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Chris Arnold

Mehran Mossaddad has spent much of the pandemic scared and lying awake at night. He's a single dad with an 10-year-old daughter living outside Atlanta.

"I get panic attacks not knowing what's in store for us," he says. "I have to take care of her."

Mossaddad drives Uber for a living, but when the pandemic hit he stopped because he couldn't leave his daughter home alone. As a result, he's fallen more than $15,000 behind on his rent, and his landlord has filed an eviction case against him.

Copyright 2021 NPR. To see more, visit https://www.npr.org.

MARY LOUISE KELLY, HOST:

Katrina Chism was frightened and confused. She'd been renting the same house in Atlanta for three years. She's a single mom with a teenage son. But then she lost her customer service job during the coronavirus pandemic and fell a month behind on her rent.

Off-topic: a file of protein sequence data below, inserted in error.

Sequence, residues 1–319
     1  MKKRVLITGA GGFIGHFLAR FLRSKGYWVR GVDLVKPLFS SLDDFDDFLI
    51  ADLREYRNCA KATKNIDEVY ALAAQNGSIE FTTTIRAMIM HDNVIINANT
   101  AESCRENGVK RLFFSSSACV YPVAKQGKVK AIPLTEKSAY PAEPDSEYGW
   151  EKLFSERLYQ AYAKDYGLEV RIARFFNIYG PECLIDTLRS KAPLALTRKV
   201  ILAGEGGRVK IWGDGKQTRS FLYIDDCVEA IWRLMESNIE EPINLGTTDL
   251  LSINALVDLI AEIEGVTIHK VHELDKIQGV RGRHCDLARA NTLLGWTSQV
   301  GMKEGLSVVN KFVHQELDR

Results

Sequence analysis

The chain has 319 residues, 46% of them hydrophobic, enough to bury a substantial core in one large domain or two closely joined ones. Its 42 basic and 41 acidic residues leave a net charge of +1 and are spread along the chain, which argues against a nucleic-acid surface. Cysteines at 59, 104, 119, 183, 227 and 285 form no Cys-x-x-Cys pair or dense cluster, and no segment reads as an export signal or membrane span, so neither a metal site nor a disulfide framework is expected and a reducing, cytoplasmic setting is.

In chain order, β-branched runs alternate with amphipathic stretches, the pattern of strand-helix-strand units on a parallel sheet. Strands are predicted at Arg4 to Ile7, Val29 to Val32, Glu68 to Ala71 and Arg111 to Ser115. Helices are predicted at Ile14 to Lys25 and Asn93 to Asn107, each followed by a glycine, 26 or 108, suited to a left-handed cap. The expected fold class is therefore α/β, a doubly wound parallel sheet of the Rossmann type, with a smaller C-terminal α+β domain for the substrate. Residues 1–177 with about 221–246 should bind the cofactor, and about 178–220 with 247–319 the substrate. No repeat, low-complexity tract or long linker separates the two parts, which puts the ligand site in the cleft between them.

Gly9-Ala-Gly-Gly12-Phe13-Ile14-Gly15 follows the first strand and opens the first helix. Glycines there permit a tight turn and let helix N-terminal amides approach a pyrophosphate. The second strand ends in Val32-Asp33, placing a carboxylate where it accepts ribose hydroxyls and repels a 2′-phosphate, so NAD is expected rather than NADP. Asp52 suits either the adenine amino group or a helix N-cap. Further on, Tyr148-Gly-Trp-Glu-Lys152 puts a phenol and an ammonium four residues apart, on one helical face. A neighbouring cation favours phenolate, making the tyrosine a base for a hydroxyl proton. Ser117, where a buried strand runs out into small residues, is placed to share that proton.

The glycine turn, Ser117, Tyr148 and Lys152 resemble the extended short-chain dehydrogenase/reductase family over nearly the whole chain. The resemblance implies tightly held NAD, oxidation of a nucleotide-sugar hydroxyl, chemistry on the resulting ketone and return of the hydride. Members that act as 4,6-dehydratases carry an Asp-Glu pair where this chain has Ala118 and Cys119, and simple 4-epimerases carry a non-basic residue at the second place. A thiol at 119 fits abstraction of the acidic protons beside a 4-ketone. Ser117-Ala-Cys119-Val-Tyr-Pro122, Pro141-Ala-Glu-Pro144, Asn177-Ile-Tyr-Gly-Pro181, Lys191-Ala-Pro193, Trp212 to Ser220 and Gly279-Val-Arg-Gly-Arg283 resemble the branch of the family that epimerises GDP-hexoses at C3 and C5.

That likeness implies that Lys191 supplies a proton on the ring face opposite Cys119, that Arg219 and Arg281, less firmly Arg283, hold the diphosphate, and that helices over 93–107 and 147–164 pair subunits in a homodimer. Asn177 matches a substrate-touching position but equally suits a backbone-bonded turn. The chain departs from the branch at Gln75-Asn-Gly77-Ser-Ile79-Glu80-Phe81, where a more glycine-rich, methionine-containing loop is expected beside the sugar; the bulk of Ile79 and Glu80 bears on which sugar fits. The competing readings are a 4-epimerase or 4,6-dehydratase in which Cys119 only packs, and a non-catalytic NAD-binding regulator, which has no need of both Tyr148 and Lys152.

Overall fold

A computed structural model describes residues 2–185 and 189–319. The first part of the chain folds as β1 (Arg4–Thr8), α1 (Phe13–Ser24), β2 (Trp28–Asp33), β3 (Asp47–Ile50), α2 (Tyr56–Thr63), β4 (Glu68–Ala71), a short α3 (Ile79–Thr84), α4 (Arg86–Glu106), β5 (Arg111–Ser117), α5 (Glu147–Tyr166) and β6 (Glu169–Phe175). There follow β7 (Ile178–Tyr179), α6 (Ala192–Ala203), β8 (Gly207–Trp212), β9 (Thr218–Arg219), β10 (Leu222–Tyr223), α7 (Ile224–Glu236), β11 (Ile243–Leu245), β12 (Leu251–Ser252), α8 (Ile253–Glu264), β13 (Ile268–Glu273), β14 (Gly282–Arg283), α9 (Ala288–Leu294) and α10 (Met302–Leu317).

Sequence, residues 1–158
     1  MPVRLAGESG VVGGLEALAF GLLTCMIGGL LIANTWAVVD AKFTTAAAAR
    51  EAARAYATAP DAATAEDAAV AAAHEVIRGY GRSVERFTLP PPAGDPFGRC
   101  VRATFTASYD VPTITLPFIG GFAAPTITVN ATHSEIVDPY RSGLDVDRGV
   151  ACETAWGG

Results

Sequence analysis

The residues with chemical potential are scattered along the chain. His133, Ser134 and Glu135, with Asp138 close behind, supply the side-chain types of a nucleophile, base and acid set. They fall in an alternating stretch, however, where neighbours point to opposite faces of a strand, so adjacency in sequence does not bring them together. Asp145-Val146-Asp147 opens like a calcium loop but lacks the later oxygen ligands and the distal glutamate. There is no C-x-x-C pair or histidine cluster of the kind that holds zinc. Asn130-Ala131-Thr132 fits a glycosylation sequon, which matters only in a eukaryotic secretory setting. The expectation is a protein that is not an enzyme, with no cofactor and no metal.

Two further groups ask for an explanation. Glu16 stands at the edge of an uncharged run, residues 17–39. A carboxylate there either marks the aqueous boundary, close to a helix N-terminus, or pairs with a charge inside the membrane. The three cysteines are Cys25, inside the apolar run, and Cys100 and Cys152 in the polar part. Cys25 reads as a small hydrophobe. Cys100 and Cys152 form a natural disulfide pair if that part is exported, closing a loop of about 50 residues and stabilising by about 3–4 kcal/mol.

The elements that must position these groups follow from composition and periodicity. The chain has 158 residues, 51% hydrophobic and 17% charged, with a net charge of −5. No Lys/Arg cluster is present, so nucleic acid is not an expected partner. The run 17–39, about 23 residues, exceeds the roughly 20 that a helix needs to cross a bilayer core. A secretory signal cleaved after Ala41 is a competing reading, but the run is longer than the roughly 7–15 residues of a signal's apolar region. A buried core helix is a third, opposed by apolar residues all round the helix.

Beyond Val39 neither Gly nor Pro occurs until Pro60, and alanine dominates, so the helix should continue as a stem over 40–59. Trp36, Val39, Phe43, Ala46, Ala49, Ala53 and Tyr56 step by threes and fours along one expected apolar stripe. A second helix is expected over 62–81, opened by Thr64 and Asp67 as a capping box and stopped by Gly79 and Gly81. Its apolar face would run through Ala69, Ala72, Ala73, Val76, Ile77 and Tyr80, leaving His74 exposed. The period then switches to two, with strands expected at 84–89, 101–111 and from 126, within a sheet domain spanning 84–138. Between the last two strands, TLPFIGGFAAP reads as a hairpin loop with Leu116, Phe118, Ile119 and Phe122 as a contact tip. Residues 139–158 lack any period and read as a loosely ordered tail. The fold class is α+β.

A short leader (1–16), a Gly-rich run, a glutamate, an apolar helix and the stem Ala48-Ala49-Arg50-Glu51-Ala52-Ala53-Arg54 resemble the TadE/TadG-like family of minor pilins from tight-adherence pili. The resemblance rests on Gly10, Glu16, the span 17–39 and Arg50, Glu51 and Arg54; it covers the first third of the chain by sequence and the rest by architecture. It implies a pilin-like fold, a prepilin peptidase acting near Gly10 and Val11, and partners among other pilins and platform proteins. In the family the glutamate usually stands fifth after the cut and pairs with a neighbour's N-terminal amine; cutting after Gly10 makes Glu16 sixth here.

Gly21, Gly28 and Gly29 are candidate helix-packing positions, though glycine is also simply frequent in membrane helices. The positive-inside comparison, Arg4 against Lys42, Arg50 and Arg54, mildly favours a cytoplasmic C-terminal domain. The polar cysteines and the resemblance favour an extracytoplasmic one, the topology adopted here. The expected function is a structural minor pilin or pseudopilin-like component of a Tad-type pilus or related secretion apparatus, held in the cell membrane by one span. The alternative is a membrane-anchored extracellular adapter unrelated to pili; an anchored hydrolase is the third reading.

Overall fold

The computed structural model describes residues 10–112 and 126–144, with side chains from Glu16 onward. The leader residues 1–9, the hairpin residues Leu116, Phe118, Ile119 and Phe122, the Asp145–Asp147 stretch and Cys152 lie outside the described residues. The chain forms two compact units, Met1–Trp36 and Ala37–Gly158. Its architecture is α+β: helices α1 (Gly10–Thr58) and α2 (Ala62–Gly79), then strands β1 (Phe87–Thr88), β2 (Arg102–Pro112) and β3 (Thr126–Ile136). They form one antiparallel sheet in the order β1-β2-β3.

"I remember going to the door and the sheriff standing there," Chism says. "It scared me because I didn't know why he was at my house."

The reason: Her landlord had filed an eviction case against her.

Copyright 2021 NPR. To see more, visit https://www.npr.org.

STEVE INSKEEP, HOST:

As the country emerges from the worst pandemic in a century, NPR wants to know how life has changed for you. Has the pandemic affected your employment situation, your ability to pay your rent or mortgage, your other household finances, your business, if you have one, and your ability to juggle work and child care.

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